|نسخه تمام متن
|15 صفحه PDF
• Traits and worldviews are equally basic aspects of personality.
• Traits constitute objective patterns of behavior.
• Worldviews imbue experiences and actions with subjective meanings.
• Personality psychologists have neglected to study worldviews systematically.
• Trait-worldview integration affords richer and more unified personality portraits.
Personality psychology inevitably studies human beings not just as mechanical systems, but also as rational agents, whose experiences and actions are imbued with meaning. The purpose of this paper is to clarify the implications of taking this core element of personality psychology seriously, and to thereby contribute to the development of an integrative and normative framework for the field. I argue that personality can be studied both through trait constructs, referring to objective behavioral regularities, and through worldview constructs, referring to subjective sources of meaning, and try to show that worldviews are, contrary to popular belief, not inherently less universal, or in other ways less basic, than traits. I conclude by emphasizing the importance of more systematic study of worldviews, integration across the trait-worldview divide, and complementing the individual differences approach with personalistic methodology, for the development of richer and more unified portraits of personalities.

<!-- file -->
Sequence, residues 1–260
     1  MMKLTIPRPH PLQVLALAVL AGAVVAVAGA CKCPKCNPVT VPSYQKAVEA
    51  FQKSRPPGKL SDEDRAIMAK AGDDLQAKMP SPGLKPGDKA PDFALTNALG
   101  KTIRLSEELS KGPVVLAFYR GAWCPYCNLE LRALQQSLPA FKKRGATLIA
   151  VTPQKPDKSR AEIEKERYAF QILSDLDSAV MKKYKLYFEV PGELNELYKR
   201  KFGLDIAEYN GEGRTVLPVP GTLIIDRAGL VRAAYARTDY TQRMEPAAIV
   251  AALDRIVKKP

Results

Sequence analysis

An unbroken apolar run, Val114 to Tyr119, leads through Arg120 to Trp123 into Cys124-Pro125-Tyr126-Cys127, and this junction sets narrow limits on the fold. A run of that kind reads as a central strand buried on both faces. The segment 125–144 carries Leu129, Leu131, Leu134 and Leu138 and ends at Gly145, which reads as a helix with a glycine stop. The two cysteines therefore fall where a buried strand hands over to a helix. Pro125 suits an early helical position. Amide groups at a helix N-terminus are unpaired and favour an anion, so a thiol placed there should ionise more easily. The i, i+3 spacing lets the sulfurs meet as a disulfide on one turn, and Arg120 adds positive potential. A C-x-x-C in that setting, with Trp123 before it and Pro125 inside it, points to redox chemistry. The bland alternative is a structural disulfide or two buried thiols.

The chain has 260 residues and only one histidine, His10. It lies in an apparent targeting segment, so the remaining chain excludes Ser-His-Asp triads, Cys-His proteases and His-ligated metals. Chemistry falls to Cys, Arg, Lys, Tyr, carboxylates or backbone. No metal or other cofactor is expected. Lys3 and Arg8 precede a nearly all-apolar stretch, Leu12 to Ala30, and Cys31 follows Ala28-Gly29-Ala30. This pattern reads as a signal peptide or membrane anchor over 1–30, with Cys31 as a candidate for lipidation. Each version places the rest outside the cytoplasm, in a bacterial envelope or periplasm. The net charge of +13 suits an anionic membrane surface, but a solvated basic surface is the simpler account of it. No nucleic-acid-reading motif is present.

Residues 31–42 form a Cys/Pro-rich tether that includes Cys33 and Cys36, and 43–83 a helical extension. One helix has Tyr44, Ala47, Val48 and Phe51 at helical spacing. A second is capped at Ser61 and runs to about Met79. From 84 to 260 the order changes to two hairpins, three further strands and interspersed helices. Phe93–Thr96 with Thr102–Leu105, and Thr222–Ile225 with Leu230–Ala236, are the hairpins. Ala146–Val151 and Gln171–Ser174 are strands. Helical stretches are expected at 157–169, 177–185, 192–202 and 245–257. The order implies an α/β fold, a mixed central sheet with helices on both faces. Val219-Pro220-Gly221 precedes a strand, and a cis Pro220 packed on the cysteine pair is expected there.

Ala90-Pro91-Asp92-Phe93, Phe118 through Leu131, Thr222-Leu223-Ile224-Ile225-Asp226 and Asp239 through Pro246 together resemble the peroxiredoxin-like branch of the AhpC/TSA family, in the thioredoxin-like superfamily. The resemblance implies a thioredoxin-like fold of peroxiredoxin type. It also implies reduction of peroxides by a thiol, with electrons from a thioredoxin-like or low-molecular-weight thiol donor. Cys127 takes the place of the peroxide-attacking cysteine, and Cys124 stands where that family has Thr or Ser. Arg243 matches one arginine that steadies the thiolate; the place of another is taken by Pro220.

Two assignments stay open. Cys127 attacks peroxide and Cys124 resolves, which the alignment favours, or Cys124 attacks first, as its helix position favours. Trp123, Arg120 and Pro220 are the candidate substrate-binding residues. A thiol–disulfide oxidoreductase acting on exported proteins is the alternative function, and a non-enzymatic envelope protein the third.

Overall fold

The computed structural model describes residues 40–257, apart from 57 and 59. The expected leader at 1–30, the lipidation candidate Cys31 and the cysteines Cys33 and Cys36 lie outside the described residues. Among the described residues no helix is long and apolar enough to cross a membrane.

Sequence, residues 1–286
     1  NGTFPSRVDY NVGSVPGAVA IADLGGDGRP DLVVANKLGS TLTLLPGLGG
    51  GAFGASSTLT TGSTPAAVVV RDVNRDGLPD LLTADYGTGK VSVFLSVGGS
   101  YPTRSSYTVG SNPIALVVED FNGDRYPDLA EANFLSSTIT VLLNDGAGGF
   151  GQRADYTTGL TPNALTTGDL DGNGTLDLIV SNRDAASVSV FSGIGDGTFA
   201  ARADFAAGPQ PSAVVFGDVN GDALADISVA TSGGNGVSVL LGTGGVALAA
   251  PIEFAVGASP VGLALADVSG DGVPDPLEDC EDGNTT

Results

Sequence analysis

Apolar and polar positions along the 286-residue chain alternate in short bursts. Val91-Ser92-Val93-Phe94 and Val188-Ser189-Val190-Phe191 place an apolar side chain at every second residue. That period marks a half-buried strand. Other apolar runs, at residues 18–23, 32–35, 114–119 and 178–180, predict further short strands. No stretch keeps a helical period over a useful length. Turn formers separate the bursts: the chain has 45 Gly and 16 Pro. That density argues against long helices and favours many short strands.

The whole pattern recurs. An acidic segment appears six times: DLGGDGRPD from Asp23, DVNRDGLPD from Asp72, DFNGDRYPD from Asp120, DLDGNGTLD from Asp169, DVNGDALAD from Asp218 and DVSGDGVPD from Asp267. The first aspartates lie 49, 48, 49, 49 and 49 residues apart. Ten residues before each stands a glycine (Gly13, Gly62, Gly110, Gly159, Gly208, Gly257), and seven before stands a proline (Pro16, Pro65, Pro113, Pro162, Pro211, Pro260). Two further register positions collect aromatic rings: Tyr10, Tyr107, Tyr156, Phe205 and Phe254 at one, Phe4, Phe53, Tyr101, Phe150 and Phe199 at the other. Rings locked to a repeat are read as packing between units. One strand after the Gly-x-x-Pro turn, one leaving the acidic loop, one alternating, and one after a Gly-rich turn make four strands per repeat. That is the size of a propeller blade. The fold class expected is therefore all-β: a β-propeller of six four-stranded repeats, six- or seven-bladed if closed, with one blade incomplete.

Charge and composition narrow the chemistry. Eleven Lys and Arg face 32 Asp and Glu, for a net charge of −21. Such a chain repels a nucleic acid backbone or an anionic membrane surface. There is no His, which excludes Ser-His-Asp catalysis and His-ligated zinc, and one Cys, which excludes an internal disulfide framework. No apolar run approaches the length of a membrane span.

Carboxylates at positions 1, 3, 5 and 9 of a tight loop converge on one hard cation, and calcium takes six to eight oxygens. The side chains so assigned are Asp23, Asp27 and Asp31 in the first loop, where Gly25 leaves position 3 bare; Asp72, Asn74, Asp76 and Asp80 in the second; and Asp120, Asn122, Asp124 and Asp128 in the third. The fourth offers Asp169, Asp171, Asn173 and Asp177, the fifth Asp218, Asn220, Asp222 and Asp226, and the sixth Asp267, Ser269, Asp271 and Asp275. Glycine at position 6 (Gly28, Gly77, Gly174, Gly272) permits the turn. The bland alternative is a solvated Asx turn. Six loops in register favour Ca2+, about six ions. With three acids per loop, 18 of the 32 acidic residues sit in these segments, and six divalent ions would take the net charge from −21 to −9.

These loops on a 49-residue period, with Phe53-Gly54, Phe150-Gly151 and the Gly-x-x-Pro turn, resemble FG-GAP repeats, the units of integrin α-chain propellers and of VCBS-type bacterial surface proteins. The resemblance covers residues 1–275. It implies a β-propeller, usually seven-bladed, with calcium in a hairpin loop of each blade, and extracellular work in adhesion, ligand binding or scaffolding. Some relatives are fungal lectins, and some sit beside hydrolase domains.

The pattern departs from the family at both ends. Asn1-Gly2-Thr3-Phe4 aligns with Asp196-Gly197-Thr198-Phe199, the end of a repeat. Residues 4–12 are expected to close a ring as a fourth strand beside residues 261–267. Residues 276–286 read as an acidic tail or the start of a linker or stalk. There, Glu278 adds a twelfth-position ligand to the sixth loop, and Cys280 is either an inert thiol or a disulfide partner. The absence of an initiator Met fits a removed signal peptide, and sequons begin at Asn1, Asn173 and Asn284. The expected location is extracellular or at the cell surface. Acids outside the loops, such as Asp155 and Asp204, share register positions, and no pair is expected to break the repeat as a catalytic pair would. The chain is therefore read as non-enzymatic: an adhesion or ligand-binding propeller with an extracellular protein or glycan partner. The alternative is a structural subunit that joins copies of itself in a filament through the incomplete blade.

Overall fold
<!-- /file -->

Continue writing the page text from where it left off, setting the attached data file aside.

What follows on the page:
Journal: New Ideas in Psychology - Volume 32, January–April 2014, Pages 18–32